Tea Leaf Nation

Chinese Actress Comes to America to Freeze Her Eggs, Internet Goes Wild

Xu Jinglei unexpectedly touched off widespread debate about Chinese state control of women's reproductive rights.

PARIS, FRANCE - MAY 11:  Chineese actress Xu Jinglei attends the 5th Chinese Film Festival press conference on May 11, 2015 in Paris, France.  (Photo by Julien M. Hekimian/Getty Images)
PARIS, FRANCE - MAY 11: Chineese actress Xu Jinglei attends the 5th Chinese Film Festival press conference on May 11, 2015 in Paris, France. (Photo by Julien M. Hekimian/Getty Images)

When Chinese actress Xu Jinglei sat down for a July 8 interview with Chinese lifestyle magazine Vista, she had a small confession to make: In 2013, at the age of 39, she had gone to the United States and had nine of her eggs frozen. “This is the world’s only remedy for regret” about foregoing pregnancy during childbearing age, she told the interviewer. Xu, pictured above, implied she wished she had taken the step sooner.

The interview itself made a small ripple online and in Chinese media. But the real splash came when China’s Central Television (CCTV) ran a widely shared Aug. 2 rebuttal explaining that, in China, single women are not permitted to freeze their own eggs in order to later have a child. In fact, CCTV wrote on Weibo, China’s massive microblogging platform, that single Chinese women are not allowed to use “human-assisted reproductive technology or related surgeries” of any kind. “Some hospitals allow single women to freeze their eggs,” CCTV added. “But when she wants to use them she needs to bring three official documents: her government I.D., marriage license, and official permission to give birth.” 

The post caused a furor, with over 34,000 responses, many angry. “They must be drunk!” one woman posted on Weibo, using the hashtag #mycountry’ssinglewomen. “An egg belongs to an individual body, not to the state.” Even popular blogger Han Han, recently chary of commenting on political issues, weighed in to exclaim that “women aren’t men’s baby-making machines or portable uteruses.” He pointed out that the child of a single woman is not issued a birth certificate; without it, a child in China will have difficulty applying for residency permits, attending school, and taking advantage of social services. Han later added that birth in wedlock was both a “mainstream” choice and the “best” one, but that China “has to give the non-mainstream crowd the right to make the choice.”

A minority argued that a father is a requirement for a healthy childhood. “To be frank, this could make a child’s development incomplete,” wrote one weibo user. “If you want to be single, that’s enough, don’t hurt the next generation.” Another poster wondered about the ethics of having a doctor combine anonymous sperm with a woman’s egg. “The woman won’t know his last name, she won’t know the facts, and her child won’t know the facts.”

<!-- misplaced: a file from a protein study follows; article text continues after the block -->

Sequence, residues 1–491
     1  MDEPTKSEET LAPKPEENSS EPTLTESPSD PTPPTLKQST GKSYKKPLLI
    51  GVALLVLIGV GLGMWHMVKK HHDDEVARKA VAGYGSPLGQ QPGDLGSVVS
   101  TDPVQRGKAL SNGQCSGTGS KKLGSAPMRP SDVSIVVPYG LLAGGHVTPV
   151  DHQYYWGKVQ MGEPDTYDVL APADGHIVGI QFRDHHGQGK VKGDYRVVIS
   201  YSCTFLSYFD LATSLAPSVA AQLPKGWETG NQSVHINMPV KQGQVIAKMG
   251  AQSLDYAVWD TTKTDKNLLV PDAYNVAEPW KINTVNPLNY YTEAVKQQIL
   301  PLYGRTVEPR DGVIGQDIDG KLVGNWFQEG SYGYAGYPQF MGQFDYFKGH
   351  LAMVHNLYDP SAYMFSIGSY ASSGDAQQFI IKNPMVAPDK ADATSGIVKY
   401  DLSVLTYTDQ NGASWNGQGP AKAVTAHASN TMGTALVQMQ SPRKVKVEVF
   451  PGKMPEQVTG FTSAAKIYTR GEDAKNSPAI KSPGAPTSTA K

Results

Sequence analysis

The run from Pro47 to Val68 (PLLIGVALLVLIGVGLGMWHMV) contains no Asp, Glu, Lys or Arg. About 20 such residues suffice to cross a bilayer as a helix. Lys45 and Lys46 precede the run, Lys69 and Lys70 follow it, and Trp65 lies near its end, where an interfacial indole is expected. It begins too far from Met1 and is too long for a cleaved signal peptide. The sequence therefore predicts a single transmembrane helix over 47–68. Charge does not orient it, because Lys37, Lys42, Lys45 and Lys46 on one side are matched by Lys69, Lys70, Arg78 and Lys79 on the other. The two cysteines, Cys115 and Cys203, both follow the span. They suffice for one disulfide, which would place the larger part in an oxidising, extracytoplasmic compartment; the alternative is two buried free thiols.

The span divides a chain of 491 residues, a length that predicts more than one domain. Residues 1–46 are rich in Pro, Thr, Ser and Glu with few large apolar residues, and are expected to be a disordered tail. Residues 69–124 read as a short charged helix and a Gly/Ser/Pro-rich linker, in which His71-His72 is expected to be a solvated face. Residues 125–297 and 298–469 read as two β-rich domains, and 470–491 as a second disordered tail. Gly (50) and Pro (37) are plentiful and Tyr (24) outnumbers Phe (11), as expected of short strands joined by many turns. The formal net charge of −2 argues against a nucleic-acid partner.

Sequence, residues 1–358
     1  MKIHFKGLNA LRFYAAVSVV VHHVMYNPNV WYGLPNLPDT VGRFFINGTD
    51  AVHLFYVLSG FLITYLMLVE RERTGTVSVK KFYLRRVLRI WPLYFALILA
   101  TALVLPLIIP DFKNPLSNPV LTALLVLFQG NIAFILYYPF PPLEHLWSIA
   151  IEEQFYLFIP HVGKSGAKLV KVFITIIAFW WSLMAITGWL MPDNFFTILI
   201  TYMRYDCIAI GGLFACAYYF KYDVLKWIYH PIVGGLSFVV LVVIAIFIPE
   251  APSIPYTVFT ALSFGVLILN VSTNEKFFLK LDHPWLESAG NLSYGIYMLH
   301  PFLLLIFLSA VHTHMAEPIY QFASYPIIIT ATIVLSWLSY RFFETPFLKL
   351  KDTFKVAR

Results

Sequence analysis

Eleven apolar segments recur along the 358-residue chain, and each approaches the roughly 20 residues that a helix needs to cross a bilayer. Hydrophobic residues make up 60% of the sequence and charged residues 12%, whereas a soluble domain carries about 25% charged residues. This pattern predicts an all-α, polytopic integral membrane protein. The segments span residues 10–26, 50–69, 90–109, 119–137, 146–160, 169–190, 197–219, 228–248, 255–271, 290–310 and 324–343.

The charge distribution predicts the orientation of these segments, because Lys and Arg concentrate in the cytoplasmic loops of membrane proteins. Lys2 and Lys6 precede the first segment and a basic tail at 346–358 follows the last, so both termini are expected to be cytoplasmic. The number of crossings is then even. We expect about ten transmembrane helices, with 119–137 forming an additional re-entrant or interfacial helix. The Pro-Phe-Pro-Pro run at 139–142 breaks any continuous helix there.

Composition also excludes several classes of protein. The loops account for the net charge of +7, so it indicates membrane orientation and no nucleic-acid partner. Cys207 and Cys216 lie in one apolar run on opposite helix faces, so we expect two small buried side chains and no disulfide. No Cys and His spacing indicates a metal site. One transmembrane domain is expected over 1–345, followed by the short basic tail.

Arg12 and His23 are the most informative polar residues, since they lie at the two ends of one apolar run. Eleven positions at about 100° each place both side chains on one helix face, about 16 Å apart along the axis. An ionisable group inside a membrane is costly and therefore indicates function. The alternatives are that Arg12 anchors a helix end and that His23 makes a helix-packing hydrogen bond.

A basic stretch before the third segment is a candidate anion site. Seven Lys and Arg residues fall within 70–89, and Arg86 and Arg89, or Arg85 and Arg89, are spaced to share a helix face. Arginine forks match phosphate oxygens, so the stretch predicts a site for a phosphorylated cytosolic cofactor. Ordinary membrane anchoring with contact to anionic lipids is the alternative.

According to the Shanghai Morning Post, the legal basis for the ban on egg freezing goes back to a 2001 Ministry of Health announcement stating that “the application of human-assisted reproductive technology should be carried out for medical purposes and in line with the national family planning policy.” In other words, there is no explicit ban on single women freezing their eggs, but neither is there a way for them to use them after doing so.

For decades, China’s family planning policies, which generally limit households to one child, have put the state at the center of individual fertility decisions. This has meant that birth control pills are available over the counter and abortions relatively easy to obtain in China, even as prevailing attitudes toward sex and family remain conservative. Sex education in the country is so rudimentary that, a few years ago, a cartoon series explaining the ins and outs of reproduction went viral. Attitudes toward sex and dating also tend to enforce traditional gender roles, encouraging women to marry and have children before they turn 30. Women who pass 27 without marrying are widely referred to as “leftover women” even though demographically speaking, China actually has too many men.

On top of all this, China is suffering from infertility problems. Twelve-and-a-half percent of people of childbearing age suffer from fertility problems. The need for sperm is so high that women are paying premiums on the black market.

The limits on egg freezing stand in stark contrast to a promotion run by the e-commerce website Alibaba connecting men to China’s sperm banks, offering around $800 per donation. In 72 hours, more than 22,000 men reportedly signed up. “Not only are men not banned from donating sperm,” the Post opined. “It’s actually encouraged by the government.” If men are paid to donate their sperm to complete strangers, why are women not permitted to freeze their eggs for their own use? One lawyer quoted by the post, Qing Gang, hoped that the public outrage would lead to a change in government policy toward egg freezing and other “human-assisted reproductive technologies.” Although the practice of egg freezing for single women “hasn’t been approved,” lawyer Qing Gang told the Post. “There is also no equivalent ban.… The country should quickly draw up the relevant laws and regulations, and set industry norms to help protect the interests of people with those rights.”

Xu isn’t sure that she will want to use the eggs that she has frozen, but she wants to make sure other women know the option is out there. “This technology exists,” the actress said in her interview. “It can help women overcome some physical limitations; it can help improve family happiness; it doesn’t impact health, under these conditions, why not do it?”

Photo credit: Getty Images

Lauren Hilgers is a New York-based freelance writer who focuses on China.

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